Zosia Chustecka

October 11, 2012

October 11, 2012 (Vienna, Austria) — Adding erlotinib (Tarceva) to sorafenib (Nexavar) provides no benefit in patients with hepatocellular carcinoma (HCC), according to a large phase 3 study of patients with hepatocellular carcinoma (HCC), known as Sorafenib and Erlotinib Randomized Trial Protocol for the Treatment of Patients With Hepatocellular Carcinoma (SEARCH). Therefore, for the time being, sorafenib monotherapy remains the standard of care in unresectable HCC, experts said here at the 2012 European Society for Medical Oncology Congress.

Sorafenib is currently the only drug approved for use in liver cancer. The 2007 approval was granted on the basis of results from the Sorafenib Hepatocellular Carcinoma Assessment Randomized Protocol (SHARP) trial (N Engl J Med. 2008;359:378-390). It showed that sorafenib, compared with placebo, prolonged overall survival in 602 patients (10.7 vs 7.9 months; hazard ratio [HR], 0.69; P < .001).

The hope was that adding another targeted agent would improve these results and that the 2 drugs would act synergistically, explained Manfred Lutz MD, from CaritasKlinikum St. Theresia in Saarbrücken, Germany, who acted as discussant for the study.

Erlotinib has shown some promising single-agent activity in liver cancer in 2 phase 2 clinical trials, where it improved median overall survival to 10.75 months and 13.00 months, compared with around 7 months in the control groups, he noted. "So the rationale behind the trial can be defended," he added.

Results from SEARCH were presented by Andrew Zhu, MD, PhD, from the Massachusetts General Hospital in Boston. It involved 720 patients with advanced liver cancer, and compared sorafenib (400 mg twice daily) monotherapy (administered with a matching placebo) with the combination of sorafenib plus erlotinib (150 mg once daily).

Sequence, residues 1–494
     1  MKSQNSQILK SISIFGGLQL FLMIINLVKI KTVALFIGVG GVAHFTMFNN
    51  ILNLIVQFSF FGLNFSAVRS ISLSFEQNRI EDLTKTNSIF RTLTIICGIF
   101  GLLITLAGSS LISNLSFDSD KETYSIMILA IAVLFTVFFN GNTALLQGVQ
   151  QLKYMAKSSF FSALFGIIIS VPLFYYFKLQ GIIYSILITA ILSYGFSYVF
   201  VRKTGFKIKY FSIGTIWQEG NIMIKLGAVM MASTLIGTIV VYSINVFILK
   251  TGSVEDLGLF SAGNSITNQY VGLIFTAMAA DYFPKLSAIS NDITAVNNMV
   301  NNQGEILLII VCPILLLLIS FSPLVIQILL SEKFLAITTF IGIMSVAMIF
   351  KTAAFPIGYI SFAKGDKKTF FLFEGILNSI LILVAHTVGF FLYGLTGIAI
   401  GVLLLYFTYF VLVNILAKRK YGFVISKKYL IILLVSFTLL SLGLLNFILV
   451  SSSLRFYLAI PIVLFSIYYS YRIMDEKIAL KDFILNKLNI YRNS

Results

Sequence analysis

The was no significant difference in median overall survival — the primary end point — between the combination and the monotherapy (9.5 vs 8.5 months; HR, 0.929; P =.204).

For secondary end points, there was no significant difference between the combination and the monotherapy in the time to progression (3.2 vs 4.0 months; HR 1.135; P = .91). The overall response rate was significantly higher with the combination (7% vs 4%; P = .051), but the disease control rate was significantly higher with the monotherapy (44% vs 53%; P = .0104). In addition, the adverse-event profile was a little worse with the combination, particularly for rash and diarrhea, Dr. Zhu noted.

Dr. Lutz noted that the 8.5-month overall survival seen with sorafenib monotherapy in SEARCH was less than the 10.7 months seen in the SHARP trial, but the 2 trials had different proportions Asian patients and of hepatitis-positive patients.

Both Dr. Zhu and Dr. Lutz conclude that SEARCH was a negative trial, and that sorafenib monotherapy remains the standard of care in HCC.

The SEARCH trial was funded by Bayer, the manufacturer of sorafenib.

2012 European Society for Medical Oncology (ESMO) Congress: Abstract LBA2. Presented September 30, 2012.